More than a century ago, the ancestors of Heinrich XIII, Prince Reuss, held sway over the city of Gera and its surroundings in what is now Germany's eastern state of Thuringia.
If Heinrich, a minor member of the family, had gotten his way, all that and much more would have been his, following a planned coup against the government in Berlin. On Wednesday morning, German police arrested the prince and 24 alleged accomplices to this plan at locations across Germany.
"Meet the man who wanted to become Germany's king" was a tweet gleefully shared on social media, for example by Left Party leader Dietmar Bartsch.
The suspects who were arrested, authorities have said, belong to a network of so-called "Reichsbürger" (sovereign citizens of the Reich) conspiracy theorists.
A once-fringe group that is estimated to have 21,000 affiliates, the Reichsbürger contend that the German government has been illegitimate since the end of World War II. They believe that the German constitution, Chancellor Olaf Scholz, and the Bundestag are part of a system created by the Allies at the end of the Second World War to make Germany a vassal state to their interests.
Golf, real estate, and global conspiracies
The prince, 71, split his time between Frankfurt, where his property development company is located, and his hunting lodge in Thuringia. It was at this lodge that he hosted Reichsbürger sympathizers, as well as the "Princely Hickory Golf Club Reuss."
Between organizing golf clubs for local elites and selling real estate, Heinrich XIII found time to give a speech on these topics at the World Web Forum in Zurich, Switzerland 2019.
Heinrich reiterated the belief that because there was no peace treaty at the end of World War II, the current democratic Federal Republic has no valid basis. He then trotted out several well-worn antisemitic tropes before concluding that the only logical next step was to return Germany to the time of the Kaiser, who had been removed from power more than 100 years ago against the wishes of the people, he claimed.
Horrified attendees either booed or left the speech, which the prince had been invited to give at the global conference for business, tech and political leaders at the last minute when someone else dropped out.
Suing the German government
Heinrich XIII, who was married to a model and is a lover of motor racing, campaigned for years to have his family's mausoleum in downtown Gera reconstructed.
Like other members of the family — the prince has five siblings — Heinrich XIII has sought compensation from the German state for expropriated art and cultural assets. In 2017, as a result, the group of heirs received €3.1 million.
But subsequent attempts by Heinrich to sue the German government to try and regain lands and properties he claims are his birthright failed. He spent large sums of money on this crusade and began to claim that there was a conspiracy against him in the judicial system.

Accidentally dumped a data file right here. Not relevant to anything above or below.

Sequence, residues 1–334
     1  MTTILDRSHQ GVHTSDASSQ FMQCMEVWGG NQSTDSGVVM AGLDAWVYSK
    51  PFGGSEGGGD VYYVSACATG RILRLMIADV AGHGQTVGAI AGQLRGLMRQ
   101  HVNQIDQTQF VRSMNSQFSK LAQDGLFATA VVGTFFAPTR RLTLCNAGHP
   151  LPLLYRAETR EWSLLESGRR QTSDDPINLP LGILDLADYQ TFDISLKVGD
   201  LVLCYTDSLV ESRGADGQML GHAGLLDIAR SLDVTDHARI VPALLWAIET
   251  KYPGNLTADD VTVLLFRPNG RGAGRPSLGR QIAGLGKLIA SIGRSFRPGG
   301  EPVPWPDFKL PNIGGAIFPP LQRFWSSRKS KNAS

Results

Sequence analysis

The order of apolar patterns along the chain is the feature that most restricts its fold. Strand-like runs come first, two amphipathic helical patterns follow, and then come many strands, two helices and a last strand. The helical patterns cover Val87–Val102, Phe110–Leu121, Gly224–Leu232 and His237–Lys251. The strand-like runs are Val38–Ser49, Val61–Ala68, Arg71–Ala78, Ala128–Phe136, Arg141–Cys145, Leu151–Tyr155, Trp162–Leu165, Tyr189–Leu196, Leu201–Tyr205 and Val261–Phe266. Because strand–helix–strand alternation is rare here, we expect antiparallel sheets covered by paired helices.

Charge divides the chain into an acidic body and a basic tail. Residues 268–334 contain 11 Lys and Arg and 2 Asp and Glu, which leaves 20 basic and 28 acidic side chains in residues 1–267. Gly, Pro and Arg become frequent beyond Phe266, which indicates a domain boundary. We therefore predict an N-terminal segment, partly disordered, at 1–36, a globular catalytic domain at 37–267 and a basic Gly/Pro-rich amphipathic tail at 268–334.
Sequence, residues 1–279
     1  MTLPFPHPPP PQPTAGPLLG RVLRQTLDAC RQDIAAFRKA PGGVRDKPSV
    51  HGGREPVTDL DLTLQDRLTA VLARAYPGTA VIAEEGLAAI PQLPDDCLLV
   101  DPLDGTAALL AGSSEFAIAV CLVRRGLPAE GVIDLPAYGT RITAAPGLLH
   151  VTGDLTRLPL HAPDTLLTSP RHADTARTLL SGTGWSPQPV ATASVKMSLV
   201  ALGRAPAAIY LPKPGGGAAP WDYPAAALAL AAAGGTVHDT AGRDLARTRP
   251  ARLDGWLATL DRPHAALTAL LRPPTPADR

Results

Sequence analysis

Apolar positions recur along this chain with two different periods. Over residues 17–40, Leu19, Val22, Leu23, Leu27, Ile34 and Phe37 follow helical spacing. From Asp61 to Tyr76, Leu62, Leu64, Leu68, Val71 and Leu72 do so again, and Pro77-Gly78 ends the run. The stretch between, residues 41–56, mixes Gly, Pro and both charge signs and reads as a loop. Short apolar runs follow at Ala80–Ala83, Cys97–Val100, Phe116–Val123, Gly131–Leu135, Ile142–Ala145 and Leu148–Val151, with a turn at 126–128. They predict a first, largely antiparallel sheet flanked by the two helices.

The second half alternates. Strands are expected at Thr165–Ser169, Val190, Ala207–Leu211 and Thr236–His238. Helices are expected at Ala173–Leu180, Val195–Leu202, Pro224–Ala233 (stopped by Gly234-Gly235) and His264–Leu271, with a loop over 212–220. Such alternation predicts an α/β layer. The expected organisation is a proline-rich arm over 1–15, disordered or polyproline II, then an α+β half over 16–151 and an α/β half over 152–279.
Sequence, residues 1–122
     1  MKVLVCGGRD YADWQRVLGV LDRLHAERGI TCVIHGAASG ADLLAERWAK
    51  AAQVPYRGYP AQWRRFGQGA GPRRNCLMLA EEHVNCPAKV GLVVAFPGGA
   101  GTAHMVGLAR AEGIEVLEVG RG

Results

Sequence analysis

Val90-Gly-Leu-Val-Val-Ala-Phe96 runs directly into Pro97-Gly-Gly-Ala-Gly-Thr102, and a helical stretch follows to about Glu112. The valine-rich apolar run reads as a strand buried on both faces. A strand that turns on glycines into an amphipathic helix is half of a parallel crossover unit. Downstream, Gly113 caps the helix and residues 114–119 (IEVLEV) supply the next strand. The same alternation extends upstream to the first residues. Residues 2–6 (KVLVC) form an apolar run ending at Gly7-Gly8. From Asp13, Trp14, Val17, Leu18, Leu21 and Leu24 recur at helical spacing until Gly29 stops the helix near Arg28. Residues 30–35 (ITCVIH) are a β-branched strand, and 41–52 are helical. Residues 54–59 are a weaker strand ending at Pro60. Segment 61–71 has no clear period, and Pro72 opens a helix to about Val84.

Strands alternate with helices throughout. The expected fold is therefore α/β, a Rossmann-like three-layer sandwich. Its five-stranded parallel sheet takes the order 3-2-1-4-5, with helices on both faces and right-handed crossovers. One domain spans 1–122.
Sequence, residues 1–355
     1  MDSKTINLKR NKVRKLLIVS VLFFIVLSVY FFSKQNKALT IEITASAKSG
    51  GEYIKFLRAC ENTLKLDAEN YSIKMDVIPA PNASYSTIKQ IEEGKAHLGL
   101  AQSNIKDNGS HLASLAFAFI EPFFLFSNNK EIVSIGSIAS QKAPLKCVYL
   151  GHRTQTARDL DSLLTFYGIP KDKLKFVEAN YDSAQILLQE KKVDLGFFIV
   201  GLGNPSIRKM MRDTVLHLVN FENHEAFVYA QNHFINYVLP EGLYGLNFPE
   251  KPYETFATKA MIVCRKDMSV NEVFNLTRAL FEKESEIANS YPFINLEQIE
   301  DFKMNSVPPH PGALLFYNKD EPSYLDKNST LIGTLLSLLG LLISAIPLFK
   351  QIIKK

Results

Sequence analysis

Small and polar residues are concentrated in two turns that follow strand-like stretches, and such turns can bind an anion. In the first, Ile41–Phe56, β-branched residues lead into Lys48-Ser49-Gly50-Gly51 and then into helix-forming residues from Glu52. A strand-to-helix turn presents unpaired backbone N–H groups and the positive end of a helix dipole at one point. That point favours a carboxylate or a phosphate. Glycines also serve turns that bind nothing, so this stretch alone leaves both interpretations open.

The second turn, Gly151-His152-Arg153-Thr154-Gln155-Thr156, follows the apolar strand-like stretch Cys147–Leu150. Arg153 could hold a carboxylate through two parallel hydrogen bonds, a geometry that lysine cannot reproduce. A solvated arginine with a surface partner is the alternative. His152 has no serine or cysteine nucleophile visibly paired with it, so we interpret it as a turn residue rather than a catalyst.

At the same time, he was coordinating a "homeland defense troop," which according to security services had a few dozen members planning an armed overthrow of the government. Among his fellow suspects are former and current members of the military and the police.
According to local media, people who knew the prince said they had no idea he was the ringleader of a far-right terrorist group. However, his family distanced themselves from him in the summer of 2022. A spokesman for House Reuss, whose history goes back at least 700 years, said that Heinrich was a confused old man who believed "erroneous conspiracy theories."
After World War One (1914-1918) Germany's first democratic constitution officially abolished royalty and nobility, and the respective legal privileges and immunity appertaining to an individual, a family, or any heirs. Today, German nobility is no longer conferred and the constitution stipulates that the descendants of German noble families do not enjoy legal privileges.
Russia denies involvement
The prince's fellow suspects include both men and women and are mostly German, authorities said. They had already created an "outline," for the organization of the German government after the coup, they added, on top of which Heinrich XIII would sit as head of state.
Reuss' alleged partner, the Russian Vitalia B., was also arrested during the raid. According to the attorney general, she is strongly suspected of having "supported the association, in particular by assisting the accused Heinrich XIII P. R. in establishing contacts with representatives of the Russian Federation."
The Russian Embassy in Berlin has denied allegations that they are tied to the Russian woman accused of helping facilitate the plot.
Edited by: Rina Goldenberg
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